Rope is comparatively inexpensive, and the backing members may be of extruded vinyl or polyvinyl chloride, or the like at low cost. The operations described above to produce the pile weather stripping are simple and may be made automatic to produce a long fiber, inexpensive weather stripping which equals or exceeds the quality of previous woven weather stripping, and at a fraction of the cost. As mentioned above, the backing member may be metal or it may be inexpensive extruded plastic. By the same token, the rope may be formed of any of several materials. Cotton rope is satisfactory, but it does not have the resistance to abrasion which is desirable and is susceptible to damage by water. Nylon rope is more satisfactory since it fiutfs up well, has a low coefiicient of friction and is resistant to both abrasion and to water damage. In addition, ropes of other materials such as Dacron, polyethelene, and the like may be found suitable. If desirable, the step of trimming may be eliminated. The combing may also be eliminated, but a much better weather stripping is produced if the cut fiber is combed.
The invention is adaptable to any width of Weather stripping as well as to any length. In addition, it is also adaptable to channel type Weather stripping as well as angle strips. In fact, it is the shape of the base member which limits the general shape of the weather stripping, and the method set forth herein as well as the stripping itself may be produced in many shapes.
This specification has described a new and improved weather stripping of the pile type and a new and improved method of making it. The improved weather stripping is etfective and inexpensive; the method of producing it is simple. It is realized that the description may suggest to others in the art other ways in which the principles of this invention may be utilized, and it is, therefore, intended that this invention be limited only by the scope of the appended claims.
What is claimed is:
1. The method of making an elongated fiber weather a backing memberwith at least a single channel, fastening a twisted fiber rope in said channel, and cutting the exposed twisted fibers of said rope to form an exposed operative pile for said weather stripping.
2. The method of making pile weather stripping for use in weather sealing doors and windows, said method comprising the steps of providing a relatively stiff backing member having at least one channel therein, inserting a twisted cord in said channel by pushing it in from one end to thereby fluff up the twisted fibers, cutting the exposed top fibers of said cord, and combing up the cut fibers to form an operative pile.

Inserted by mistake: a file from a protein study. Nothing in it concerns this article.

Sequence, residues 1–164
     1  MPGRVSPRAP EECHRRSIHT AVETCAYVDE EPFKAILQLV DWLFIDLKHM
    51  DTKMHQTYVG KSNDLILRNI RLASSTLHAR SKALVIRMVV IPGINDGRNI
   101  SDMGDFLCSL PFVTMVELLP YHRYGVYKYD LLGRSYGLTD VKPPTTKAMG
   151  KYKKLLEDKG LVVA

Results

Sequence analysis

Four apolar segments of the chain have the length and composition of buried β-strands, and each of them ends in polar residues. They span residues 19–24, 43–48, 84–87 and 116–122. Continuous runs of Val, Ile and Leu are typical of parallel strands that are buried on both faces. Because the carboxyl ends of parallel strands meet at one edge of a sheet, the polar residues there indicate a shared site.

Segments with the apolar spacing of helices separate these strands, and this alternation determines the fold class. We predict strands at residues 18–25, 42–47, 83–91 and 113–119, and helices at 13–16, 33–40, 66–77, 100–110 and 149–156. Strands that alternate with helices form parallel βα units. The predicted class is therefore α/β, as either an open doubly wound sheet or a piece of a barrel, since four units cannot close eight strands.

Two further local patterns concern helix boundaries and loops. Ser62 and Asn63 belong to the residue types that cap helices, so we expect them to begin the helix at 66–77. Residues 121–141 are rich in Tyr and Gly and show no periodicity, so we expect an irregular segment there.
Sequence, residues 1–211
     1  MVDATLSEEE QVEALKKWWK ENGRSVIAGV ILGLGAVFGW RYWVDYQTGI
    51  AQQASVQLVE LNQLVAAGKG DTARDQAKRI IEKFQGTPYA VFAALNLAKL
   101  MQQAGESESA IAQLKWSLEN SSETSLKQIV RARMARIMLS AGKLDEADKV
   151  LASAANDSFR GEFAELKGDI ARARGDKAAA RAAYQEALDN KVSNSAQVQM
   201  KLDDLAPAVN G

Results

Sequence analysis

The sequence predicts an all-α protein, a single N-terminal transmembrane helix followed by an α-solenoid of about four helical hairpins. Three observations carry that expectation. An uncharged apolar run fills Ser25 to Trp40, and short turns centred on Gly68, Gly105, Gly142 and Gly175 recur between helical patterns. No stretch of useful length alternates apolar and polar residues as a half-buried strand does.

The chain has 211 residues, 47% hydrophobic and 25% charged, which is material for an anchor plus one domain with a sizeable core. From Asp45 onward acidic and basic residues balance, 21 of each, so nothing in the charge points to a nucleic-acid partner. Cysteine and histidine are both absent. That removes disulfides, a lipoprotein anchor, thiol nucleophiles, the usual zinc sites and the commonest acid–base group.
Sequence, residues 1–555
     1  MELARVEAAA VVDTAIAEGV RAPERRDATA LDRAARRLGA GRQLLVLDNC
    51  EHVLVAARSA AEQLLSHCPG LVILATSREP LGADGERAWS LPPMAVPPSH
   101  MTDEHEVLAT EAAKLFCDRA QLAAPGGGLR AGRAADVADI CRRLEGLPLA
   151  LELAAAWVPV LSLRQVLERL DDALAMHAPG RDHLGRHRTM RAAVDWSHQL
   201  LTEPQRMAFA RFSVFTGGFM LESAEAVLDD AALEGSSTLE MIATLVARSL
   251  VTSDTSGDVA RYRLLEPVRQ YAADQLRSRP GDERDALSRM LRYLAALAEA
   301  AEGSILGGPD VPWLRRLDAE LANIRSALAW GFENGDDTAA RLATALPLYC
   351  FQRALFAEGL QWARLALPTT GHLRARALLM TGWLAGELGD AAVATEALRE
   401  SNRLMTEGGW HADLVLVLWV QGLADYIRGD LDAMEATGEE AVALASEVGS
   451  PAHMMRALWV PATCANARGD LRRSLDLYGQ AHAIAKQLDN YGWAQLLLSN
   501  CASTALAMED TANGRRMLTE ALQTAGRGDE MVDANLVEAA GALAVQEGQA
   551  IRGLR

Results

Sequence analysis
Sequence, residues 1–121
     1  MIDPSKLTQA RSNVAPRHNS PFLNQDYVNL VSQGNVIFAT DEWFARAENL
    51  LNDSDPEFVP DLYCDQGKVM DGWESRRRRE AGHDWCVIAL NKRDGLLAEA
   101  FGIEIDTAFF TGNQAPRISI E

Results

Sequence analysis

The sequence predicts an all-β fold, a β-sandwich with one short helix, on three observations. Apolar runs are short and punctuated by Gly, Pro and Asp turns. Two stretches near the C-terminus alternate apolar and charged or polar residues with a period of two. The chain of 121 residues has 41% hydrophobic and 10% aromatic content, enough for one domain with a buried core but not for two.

3. The method of making pile weather stripping for use in weather sealing doors and windows, said method comprising the steps of providing a relatively stiff backing member having at least one channel formed therein, pushing a twisted fiber cord into said channel from one end thereof to flufi' up said twisted cord, cutting the top exposed fibers of said cord, combing up said cut fibers, and shearing the combed fibers to a single length to form an operative pile for weather sealing.
4. A method of manufacturing pile weather stripping, said method comprising the steps of providing a channel support strip, inserting into said channel a twisted fiber rope, and slitting the fibers which are exposed at the open side of said channel to form a pile thereof.
5. A method of manufacturing pile weather stripping comprising the steps of inserting a twisted fiber cord into a channel member, and slitting those fibers of the twisted cord which are exposed by the open side of said channel.
6. A method of manufacturing pile weather stripping, said method comprising the steps of forcing a twisted fiber cord into a channel from the end thereof to fiuif up said twisted fibers, slitting the fibers exposed by the open side of said channel, and combing said out fibers to form a pile.
7. A method of manufacturing pile weather stripping, said method comprising the steps of forcing a twisted fiber cord into a channel to partiaily untwist said fibers and slightly distort the shape of said cord, cutting the fibers exposed by the open side of said channel, combing said cut fibers, and shearing said combed fibers to an approximately equal length.
References Cited by the Examiner UNITED STATES PATENTS 1,253,999 1/1918 Clark 19-64 X 2,781,555 2/1957 MacHenry 28-67 X 2,890,503 6/1959 'Paine 2069 X 3,002,253 10/ 1961 Kessler. 3,096,561 7/1963 McNally et al 262 X 3,154,823 11/1964 Horton 20-69 3,175,256 3/1965 Horton 2069 FOREIGN PATENTS 3,960 10/ 1919 Netherlands.
r ALEXANDER WYMAN, Primary Examiner. stripping, sa1d method comprising the steps of forming 5) HARRISON MOSELY, JACOB STEINBERG,
W. E. HEATON, W. A. POWELL, Assistant Examiners.
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|US7419555||23 Oct 2003||2 Sep 2008||Amesbury Group, Inc.||Pile weatherstripping manufacturing apparatus and method|
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|U.S. Classification||29/419.1, 428/91, 28/159, 428/102, 49/475.1, 156/72, 29/469.5, 29/505, 428/90, 29/461|
|International Classification||E06B7/22, D04H11/08, D04H11/00|
|Cooperative Classification||D04H11/08, E06B7/22|
|European Classification||E06B7/22, D04H11/08|